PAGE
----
This marks a historic launch for the Antares rocket, its first with a full payload. Antares and Cygnus were designed and constructed by a private space company, Orbital Sciences, which joins SpaceX and their Dragon capsule on the list of private firms now servicing the ISS.
Welcome to the new era of public/private spaceflight.
Washing Your Hair on the Space Station
Expedition 36 astronaut Karen Nyberg has a unique challenge in space that Chris Hadfield didn’t have to deal with.
She’s got long hair, and lots of it.
Here she explains how she washes her goldy locks in space. It’s not that different from how you might wash your hair on Earth, only with much less water and no elegant, tropical essence créme conditioner.
Even though they have water recycling systems on the ISS (yes, they drink recycled urine), water is a limited resource on the ISS. That means no “Rinse, Repeat”. As she explains, all those escaped globs of liquid will be sucked up and recycled, too.
The science they do in space is awesome, but the modified routines of daily life might be even cooler.
I would be remiss if I did not include the following image:
I see miles and miles of Texas …
Hey! That’s where I’m from!
ISS astronauts recently captured this night-time view of Texas’ largest cities from orbit. A cloud-covered Dallas/Fort Worth metroplex is near the top, ever-expanding Houston to the lower right, San Antonio to the far left, and just to the northeast of that? The greatest city on Earth: Austin, TX!
Something else caught my eye in this photo. See that cluster of lights below San Antonio and Austin on the left side of the image? Those are natural gas wells, as part of the expanding Eagle Ford Shale project. You can almost overlay them on this map of approved wells. It’s like a metroplex of its own, only full of gas instead of people. Fracking remarkable.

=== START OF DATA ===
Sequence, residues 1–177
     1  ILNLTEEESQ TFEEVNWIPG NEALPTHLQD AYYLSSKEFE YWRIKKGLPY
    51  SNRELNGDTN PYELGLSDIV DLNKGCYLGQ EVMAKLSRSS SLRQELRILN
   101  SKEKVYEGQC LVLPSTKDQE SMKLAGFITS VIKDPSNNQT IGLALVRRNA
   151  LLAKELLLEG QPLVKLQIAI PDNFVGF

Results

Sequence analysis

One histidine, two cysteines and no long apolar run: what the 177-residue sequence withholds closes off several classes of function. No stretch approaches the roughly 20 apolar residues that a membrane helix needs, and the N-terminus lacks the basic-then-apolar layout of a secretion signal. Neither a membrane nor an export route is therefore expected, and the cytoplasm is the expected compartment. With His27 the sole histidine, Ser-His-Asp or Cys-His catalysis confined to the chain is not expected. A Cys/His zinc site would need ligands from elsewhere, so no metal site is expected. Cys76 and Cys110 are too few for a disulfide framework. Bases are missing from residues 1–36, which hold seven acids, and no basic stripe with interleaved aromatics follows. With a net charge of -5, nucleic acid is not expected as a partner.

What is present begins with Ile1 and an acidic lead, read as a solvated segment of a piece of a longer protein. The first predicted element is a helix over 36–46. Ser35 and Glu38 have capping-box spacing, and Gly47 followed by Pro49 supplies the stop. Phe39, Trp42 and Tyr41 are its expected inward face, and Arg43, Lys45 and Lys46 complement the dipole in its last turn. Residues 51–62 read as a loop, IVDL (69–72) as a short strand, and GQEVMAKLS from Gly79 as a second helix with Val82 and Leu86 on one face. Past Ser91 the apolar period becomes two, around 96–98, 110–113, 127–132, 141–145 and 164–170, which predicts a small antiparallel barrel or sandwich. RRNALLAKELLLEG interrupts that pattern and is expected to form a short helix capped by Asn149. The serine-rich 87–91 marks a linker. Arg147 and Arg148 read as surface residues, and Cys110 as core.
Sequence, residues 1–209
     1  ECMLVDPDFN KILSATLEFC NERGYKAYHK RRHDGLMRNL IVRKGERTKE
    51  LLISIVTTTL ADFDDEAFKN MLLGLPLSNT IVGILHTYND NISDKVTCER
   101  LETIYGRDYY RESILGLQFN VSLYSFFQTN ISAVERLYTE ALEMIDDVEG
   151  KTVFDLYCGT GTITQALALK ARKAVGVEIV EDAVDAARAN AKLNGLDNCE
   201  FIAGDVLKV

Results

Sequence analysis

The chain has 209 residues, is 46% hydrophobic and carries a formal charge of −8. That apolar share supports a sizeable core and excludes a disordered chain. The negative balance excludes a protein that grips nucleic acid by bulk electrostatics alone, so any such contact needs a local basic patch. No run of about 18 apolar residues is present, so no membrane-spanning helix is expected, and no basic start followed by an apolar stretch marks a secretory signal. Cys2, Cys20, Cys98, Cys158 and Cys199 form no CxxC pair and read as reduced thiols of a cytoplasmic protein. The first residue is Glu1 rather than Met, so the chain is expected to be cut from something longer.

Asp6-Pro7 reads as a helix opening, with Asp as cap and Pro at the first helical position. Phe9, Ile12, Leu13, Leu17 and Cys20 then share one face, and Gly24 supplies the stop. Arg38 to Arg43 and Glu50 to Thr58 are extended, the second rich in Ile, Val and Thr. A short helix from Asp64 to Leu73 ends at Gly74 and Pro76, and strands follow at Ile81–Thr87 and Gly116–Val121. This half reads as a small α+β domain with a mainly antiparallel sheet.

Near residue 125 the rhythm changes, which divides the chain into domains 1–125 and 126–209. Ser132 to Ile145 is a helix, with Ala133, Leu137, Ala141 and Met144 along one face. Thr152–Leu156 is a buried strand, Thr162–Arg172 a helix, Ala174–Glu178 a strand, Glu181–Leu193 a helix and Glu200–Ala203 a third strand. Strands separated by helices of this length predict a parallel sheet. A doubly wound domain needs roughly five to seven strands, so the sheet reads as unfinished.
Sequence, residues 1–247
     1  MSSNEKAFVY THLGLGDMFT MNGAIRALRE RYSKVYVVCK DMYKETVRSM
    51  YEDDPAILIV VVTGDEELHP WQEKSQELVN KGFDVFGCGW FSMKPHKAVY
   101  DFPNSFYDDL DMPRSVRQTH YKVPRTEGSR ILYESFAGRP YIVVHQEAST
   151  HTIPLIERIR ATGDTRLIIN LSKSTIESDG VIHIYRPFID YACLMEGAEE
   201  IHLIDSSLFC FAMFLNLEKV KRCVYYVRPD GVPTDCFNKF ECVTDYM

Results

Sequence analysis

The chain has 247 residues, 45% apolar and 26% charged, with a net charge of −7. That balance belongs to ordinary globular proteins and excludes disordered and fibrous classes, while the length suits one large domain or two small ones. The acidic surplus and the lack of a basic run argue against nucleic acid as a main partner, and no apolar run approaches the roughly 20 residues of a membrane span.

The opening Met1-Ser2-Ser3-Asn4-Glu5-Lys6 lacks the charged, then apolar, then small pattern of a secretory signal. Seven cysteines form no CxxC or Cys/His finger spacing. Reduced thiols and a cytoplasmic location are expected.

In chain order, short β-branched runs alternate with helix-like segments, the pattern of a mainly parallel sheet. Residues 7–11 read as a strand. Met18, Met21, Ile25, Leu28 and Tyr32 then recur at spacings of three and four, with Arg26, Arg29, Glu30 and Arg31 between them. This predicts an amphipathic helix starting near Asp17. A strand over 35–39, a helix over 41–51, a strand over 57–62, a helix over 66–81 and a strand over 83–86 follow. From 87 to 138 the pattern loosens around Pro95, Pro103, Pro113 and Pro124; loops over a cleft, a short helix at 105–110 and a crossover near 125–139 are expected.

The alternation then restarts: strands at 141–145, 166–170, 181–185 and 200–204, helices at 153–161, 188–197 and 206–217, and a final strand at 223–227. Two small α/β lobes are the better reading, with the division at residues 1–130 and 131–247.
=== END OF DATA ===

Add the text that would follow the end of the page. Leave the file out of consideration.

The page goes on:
I’ve seen a lot of spacey photos in my time. Enough so that I catch myself occasionally making a jaded sigh, saying “Oh neat, another shot of a spacecraft in front of the moon. Been there, done that."
Then I punch myself in the arm and tell myself to shut up because these are pictures of SPACE.
That’s what happened with Maximilian Teodorescu’s shot of the International Space Station against the face of the moon. At first I was minorly impressed, because it’s a very small thing traveling very fast, in front of a larger thing that is even farther away. But people take pictures of the ISS all the time. Big deal.
Then I realized that this one was taken during the day. At that point I lost my schnoodles. I’m betting a few of you will too.
(via Overthinking It)
Fast-Track to Orbit: Expedition 36/37
A Russian Soyuz capsule launched from Baikonur Cosmodrome in Glorious Kazakhstan this afternoon, carrying U.S. astronaut (and space veteran/mechanical engineer) Karen Nyberg along with cosmonaut Fyodor Yurchikhin and Italian astronauta Luca Parmitano to their rendezvous with the ISS. They will spend a mere six hours catching up with the space station before they dock later tonight, a new pedal-to-the-metal path to orbit recently adopted by ISS-bound craft. In addition to lots and lots of science, the crew of six that will be aboard the ISS will take part in the Winter Olympic torch relay later this year.
Godspeed, Expedition 36/37. Here’s to six of you being great of behalf of seven billion of us.
P.S. - Howmanypeopleareinspacerightnow.com is correctly showing “6”, in case you’re wondering.